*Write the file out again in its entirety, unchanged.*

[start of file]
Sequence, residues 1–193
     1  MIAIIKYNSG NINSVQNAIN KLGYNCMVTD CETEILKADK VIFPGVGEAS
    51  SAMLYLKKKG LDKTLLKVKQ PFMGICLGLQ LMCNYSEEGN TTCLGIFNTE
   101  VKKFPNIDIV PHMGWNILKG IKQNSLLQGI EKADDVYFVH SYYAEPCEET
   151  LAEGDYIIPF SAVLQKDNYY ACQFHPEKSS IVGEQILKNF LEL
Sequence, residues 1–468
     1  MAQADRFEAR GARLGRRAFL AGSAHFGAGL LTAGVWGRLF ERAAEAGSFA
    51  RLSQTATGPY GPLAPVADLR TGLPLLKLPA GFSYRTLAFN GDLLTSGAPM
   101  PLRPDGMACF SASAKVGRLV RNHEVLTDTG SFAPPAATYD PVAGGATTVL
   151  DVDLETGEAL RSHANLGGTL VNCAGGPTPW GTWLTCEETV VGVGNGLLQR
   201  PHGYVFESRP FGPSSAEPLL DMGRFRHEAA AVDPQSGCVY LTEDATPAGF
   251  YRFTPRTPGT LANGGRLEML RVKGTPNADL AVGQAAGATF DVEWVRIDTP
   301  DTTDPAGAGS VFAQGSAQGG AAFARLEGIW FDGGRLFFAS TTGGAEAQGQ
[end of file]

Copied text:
Sequence, residues 1–193
     1  MIAIIKYNSG NINSVQNAIN KLGYNCMVTD CETEILKADK VIFPGVGEAS
    51  SAMLYLKKKG LDKTLLKVKQ PFMGICLGLQ LMCNYSEEGN TTCLGIFNTE
   101  VKKFPNIDIV PHMGWNILKG IKQNSLLQGI EKADDVYFVH SYYAEPCEET
   151  LAEGDYIIPF SAVLQKDNYY ACQFHPEKSS IVGEQILKNF LEL
Sequence, residues 1–468
     1  MAQADRFEAR GARLGRRAFL AGSAHFGAGL LTAGVWGRLF ERAAEAGSFA
    51  RLSQTATGPY GPLAPVADLR TGLPLLKLPA GFSYRTLAFN GDLLTSGAPM
   101  PLRPDGMACF SASAKVGRLV RNHEVLTDTG SFAPPAATYD PVAGGATTVL
   151  DVDLETGEAL RSHANLGGTL VNCAGGPTPW GTWLTCEETV VGVGNGLLQR
   201  PHGYVFESRP FGPSSAEPLL DMGRFRHEAA AVDPQSGCVY LTEDATPAGF
   251  YRFTPRTPGT LANGGRLEML RVKGTPNADL AVGQAAGATF DVEWVRIDTP
   301  DTTDPAGAGS VFAQGSAQGG AAFARLEGIW FDGGRLFFAS TTGGAEAQGQ